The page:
Thursday, May 21, 2009

Robust Cannes sales for CMG

Ed Noeltner’s Cinema Management Group has reported robust sales on his slate, led by a UK deal with G2 on the action title Blood And Bone.
Noeltner negotiated the deal for Blood And Bone, starring Michael Jai White, with G2’s Nick Hedman and Alan Partington after fielding at least four other offers from UK buyers.
The film also went to: Australia (Eagle Pictures); South Africa (Nu Metro); Eastern Europe (SPI); Brazil (California); Turkey (Horizon); India (PVR); and the Middle East (Front Row).
The 3D animated title Khumba sold to: Russia (Luxor); Portugal (VC Multimedia); the Middle East (Front Row); Turkey (Film Pop); Czech/Slovak Republics (Hollywood); and Poland (Vision).
Noeltner closed deals on the racial drama American Violet in: Australia (Eagle Pictures); Scandinavia (CCV); the Middle East (Front Row); Turkey (Horizon); and Poland (Vision).The film is in US release through Samuel Goldwyn Films.  Animated film Zambezia went to Nu Metro in South Africa and Hollywood for the Czech/Slovak Republics.
“We’ve had four new films for the market and each one has found key independent buyers,” Noeltner said. “We had price expectations that were met and everyone’s happy.”
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Friday, May 15, 2009

Khumba teaser launches at Cannes

Triggerfish has just completed production on a teaser promo for their second animated feature film Khumba. The promo will be launched at the 62nd Cannes Film Festival as part of the National Film and Video Foundation's 10th Anniversary campaign by Los Angeles-based Cinema Management Group (CMG), which also handles all sales on Triggerfish's first film, Zambezia.
Production of the 3-minute teaser was made possible through the generous assistance of the NFVF. It had to be completed in under 3 months in order to make the Cannes deadline, so the challenge was to create and design the various Karoo settings as well as rig and animate a herd of zebras (each with their own personality) in time. "We had an efficient and dedicated team and it is thanks to their combined efforts that Khumba will be on screen at Cannes at a time when Pixar's Up is opening the festival," says writer/director Anthony Silverston.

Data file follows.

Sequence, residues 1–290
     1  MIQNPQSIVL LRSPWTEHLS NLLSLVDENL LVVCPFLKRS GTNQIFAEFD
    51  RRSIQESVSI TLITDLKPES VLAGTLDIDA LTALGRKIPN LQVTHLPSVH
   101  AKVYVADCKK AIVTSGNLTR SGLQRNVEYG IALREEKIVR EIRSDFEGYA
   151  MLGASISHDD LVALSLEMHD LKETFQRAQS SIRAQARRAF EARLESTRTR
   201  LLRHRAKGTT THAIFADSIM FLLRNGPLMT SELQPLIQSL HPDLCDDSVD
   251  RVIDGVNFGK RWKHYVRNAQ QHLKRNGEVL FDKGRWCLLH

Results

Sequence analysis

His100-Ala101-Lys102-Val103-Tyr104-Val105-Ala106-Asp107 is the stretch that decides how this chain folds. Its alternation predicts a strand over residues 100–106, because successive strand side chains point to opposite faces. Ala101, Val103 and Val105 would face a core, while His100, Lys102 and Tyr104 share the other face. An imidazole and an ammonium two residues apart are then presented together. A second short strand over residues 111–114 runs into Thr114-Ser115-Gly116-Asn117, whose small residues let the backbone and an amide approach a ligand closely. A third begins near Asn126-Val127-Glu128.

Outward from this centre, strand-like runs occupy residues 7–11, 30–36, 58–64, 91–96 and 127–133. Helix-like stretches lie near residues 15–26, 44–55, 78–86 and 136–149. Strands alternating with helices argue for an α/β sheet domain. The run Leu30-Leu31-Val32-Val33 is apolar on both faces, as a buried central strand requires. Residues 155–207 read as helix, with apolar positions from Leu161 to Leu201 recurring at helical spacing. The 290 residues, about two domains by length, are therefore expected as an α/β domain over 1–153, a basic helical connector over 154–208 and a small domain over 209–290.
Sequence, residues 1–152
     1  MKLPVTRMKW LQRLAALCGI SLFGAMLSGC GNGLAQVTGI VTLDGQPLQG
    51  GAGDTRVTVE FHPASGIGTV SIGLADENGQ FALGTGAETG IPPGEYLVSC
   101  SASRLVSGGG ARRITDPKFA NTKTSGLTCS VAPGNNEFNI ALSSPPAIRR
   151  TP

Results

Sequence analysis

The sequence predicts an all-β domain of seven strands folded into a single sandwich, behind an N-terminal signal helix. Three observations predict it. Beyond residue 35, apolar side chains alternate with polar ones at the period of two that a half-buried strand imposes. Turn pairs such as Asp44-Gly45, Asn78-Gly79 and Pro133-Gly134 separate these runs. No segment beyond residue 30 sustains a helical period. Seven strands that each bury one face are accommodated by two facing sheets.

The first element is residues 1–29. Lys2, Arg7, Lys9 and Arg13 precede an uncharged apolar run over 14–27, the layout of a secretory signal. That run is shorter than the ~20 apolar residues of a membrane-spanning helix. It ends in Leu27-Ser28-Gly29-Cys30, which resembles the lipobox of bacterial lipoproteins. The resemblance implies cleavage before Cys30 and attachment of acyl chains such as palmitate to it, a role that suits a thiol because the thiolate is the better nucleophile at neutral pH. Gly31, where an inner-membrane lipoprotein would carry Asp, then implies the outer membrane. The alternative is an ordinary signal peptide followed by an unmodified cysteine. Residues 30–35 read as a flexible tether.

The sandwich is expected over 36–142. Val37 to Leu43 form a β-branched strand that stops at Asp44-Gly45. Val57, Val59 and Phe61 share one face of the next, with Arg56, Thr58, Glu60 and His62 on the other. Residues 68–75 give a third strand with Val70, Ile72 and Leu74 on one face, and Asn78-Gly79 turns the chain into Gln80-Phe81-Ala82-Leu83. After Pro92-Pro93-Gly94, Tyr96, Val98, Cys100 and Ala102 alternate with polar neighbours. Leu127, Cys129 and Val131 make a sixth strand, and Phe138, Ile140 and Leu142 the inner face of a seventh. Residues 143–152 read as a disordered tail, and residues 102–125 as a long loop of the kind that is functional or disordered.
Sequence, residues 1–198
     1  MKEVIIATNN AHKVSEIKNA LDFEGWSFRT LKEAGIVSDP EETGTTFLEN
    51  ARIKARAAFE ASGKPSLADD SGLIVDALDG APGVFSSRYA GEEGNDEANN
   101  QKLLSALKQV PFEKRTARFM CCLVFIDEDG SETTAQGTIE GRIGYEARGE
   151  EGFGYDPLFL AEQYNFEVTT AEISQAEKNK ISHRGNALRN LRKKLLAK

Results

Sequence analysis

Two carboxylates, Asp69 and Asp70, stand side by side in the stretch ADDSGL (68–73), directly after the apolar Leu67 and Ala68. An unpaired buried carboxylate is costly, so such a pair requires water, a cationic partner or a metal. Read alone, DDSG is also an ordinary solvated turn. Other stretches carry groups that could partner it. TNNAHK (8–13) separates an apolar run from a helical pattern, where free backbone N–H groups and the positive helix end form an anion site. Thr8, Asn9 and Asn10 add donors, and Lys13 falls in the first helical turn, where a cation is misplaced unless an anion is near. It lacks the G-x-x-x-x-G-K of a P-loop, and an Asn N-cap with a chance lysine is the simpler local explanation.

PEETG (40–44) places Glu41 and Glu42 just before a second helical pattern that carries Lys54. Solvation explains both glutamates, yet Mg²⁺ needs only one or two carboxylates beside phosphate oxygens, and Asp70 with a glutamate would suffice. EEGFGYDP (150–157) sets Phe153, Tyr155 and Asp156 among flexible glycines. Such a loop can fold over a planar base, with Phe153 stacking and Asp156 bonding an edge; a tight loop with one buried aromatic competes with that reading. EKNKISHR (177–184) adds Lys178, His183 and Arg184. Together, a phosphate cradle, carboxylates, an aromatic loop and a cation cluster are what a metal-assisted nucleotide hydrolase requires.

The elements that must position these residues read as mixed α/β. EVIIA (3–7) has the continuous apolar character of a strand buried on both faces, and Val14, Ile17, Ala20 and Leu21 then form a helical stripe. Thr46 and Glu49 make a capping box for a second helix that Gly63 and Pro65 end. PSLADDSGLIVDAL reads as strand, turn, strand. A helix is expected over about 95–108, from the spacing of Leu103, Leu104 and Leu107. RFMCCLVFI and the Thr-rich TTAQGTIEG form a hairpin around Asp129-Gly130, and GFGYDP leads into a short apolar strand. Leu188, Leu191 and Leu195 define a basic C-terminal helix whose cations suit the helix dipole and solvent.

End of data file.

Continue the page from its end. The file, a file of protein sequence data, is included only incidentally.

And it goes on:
The 3- month production is fast compared to the 3-year scriptwriting process (the script was developed with the assistance of the UK Council and NFVF after winning a major script competition in the Zero to Hero category). "People have always responded positively to the concept," says co-writer, Raffaella Delle Donne "...but after the many years developing Khumba on paper, it has been extremely rewarding to see him come to life on screen."
A strong cast lends their voice talent to the teaser including ex-South African Hakeem Kae-Kazim (Hotel Rwanda, Wolverine) who happened to be shooting in Cape Town at the time of recording, Zolani Mahola, lead singer of internationally acclaimed Afro-fusion band Freshlyground and Nik Rabinowitz, SA Comedian of the year 2008. Voice performance is always key in animation, and although the feature will most probably be dubbed for North American audiences, it was important to the creators to maintain a level of authenticity even with this promo. "Audiences should have time to become accustomed to the various accents on the full-length feature," says Silverston. "It is a challenge that has been with this project from the start - how to maintain authenticity of the very local flavour that the story and setting require, while still retaining worldwide commercial appeal - and I believe we have achieved that with this piece."
Sales will be handled by international sales agent Edward Noeltner of CMG. Triggerfish producer, Stuart Forrest, says "we have built a healthy relationship with Edward over the last year while he very successfully represented Zambezia - making almost a million dollars in pre-sales - and we are extremely excited that he has agreed to represent Khumba as well."
To find out more information go to

Khumba Teaser Promo from Triggerfish Animation on Vimeo.
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Wednesday, May 6, 2009

A Solid Foundation